Constantius I

Maximianus 286 – 305 & 306 – 308 & 310 A.D.

One of the members of the Tetrarchy, Maximianus had a convoluted reign that started when he and Diocletian began ruling as equals in 286. Maximianus was in charge of the western portion of the empire along with Constantius I, his junior in command, while Diocletian and Galerius ruled the eastern half. After several years of putting down revolts and usurpers, both he and Diocletian abdicated to let their Caesars take their place in 306. However, this peaceful arrangement would come to an end soon when Maximianus's son Maxentius initiated a revolt of his own. Seeing that it would lend an air of legitimacy...

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Constantia c.290 – c.330 A.D.

Wife of Licinius, daughter of Constantius I and sister of Constantine I. The political marriage between the two was effected to ease tensions between the two great rivals and for a long time it served the purpose well. When Licinius was beaten for the last time Constantia was able to have her husband's death sentence lifted thanks to her appeals and the love Constantine had for her. Licinius would be despatched shortly afterwards on trumped up charges but the short reprieve was all thanks to Constantia's efforts. Constantia also takes an active role in the early Christian church finding favor...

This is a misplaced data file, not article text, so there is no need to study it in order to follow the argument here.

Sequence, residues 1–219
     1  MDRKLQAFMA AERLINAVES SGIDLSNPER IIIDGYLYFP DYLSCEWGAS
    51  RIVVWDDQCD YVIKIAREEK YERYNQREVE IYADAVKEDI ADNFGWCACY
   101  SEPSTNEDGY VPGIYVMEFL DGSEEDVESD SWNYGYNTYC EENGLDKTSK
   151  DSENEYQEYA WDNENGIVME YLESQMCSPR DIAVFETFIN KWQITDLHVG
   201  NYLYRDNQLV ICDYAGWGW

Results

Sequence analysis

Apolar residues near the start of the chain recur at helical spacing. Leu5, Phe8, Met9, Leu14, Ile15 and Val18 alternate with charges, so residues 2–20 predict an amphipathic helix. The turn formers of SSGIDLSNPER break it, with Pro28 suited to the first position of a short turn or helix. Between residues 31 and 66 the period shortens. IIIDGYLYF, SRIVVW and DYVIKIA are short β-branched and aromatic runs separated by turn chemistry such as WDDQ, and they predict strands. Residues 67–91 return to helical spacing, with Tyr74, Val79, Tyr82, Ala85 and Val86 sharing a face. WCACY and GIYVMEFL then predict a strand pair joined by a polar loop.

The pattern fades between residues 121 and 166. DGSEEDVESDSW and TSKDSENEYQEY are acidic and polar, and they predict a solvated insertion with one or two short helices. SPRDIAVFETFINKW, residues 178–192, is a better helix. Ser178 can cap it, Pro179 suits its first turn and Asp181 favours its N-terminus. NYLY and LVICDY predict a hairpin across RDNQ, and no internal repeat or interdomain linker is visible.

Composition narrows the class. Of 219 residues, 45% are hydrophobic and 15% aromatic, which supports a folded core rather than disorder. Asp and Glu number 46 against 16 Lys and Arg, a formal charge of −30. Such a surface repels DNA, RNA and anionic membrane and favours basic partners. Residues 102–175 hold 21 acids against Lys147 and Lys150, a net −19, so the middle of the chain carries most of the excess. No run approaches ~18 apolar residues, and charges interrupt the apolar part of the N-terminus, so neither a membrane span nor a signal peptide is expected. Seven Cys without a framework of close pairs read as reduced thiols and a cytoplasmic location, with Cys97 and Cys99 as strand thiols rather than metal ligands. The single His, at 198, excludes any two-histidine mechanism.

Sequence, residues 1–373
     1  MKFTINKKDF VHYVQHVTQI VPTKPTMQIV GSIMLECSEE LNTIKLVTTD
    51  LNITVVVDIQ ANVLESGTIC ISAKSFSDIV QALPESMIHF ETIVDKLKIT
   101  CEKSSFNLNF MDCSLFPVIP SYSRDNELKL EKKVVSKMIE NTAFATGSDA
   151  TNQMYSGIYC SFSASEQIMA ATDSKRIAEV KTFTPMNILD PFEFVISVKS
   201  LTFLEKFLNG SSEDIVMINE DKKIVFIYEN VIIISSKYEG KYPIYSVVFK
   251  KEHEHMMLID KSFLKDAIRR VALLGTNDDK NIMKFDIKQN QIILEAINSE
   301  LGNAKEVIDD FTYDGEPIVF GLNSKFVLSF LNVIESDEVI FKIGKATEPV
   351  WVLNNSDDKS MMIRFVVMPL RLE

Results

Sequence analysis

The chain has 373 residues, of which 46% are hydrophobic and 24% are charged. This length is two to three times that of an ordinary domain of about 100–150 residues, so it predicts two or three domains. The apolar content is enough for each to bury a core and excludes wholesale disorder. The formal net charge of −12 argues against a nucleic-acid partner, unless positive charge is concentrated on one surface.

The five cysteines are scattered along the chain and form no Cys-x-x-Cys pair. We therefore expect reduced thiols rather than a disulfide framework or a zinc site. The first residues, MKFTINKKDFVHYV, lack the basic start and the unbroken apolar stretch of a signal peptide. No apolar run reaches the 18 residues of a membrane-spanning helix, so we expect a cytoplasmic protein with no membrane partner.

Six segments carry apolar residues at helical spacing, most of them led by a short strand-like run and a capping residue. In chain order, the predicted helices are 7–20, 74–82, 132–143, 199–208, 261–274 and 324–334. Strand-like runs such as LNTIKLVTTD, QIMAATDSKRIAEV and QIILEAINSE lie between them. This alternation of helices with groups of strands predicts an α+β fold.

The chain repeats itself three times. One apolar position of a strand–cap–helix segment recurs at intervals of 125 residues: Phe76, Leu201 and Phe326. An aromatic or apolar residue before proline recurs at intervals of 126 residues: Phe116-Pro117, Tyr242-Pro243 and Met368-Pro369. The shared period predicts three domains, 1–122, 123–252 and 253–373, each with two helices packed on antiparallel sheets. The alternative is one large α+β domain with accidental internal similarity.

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Constantius I (Chlorus) 305 – 306 A.D.

If the accounts of chroniclers of the day can be believed, Constantius was the grandnephew of Claudius Gothicus. However, the links to Claudius may have been made up by Constantius sympathizers who noted that Claudius's niece (Claudia) had the same name as his great-aunt. The link would have been valuable as a means to substantiate an imperial line of succession from a desirable former emperor. Whatever his ancestry, Constantius climbed the military ranks and was in the position of Praetorian Prefect under Maximian. When Maximian was elevated as co-emperor he selected Constantius as his Caesar...

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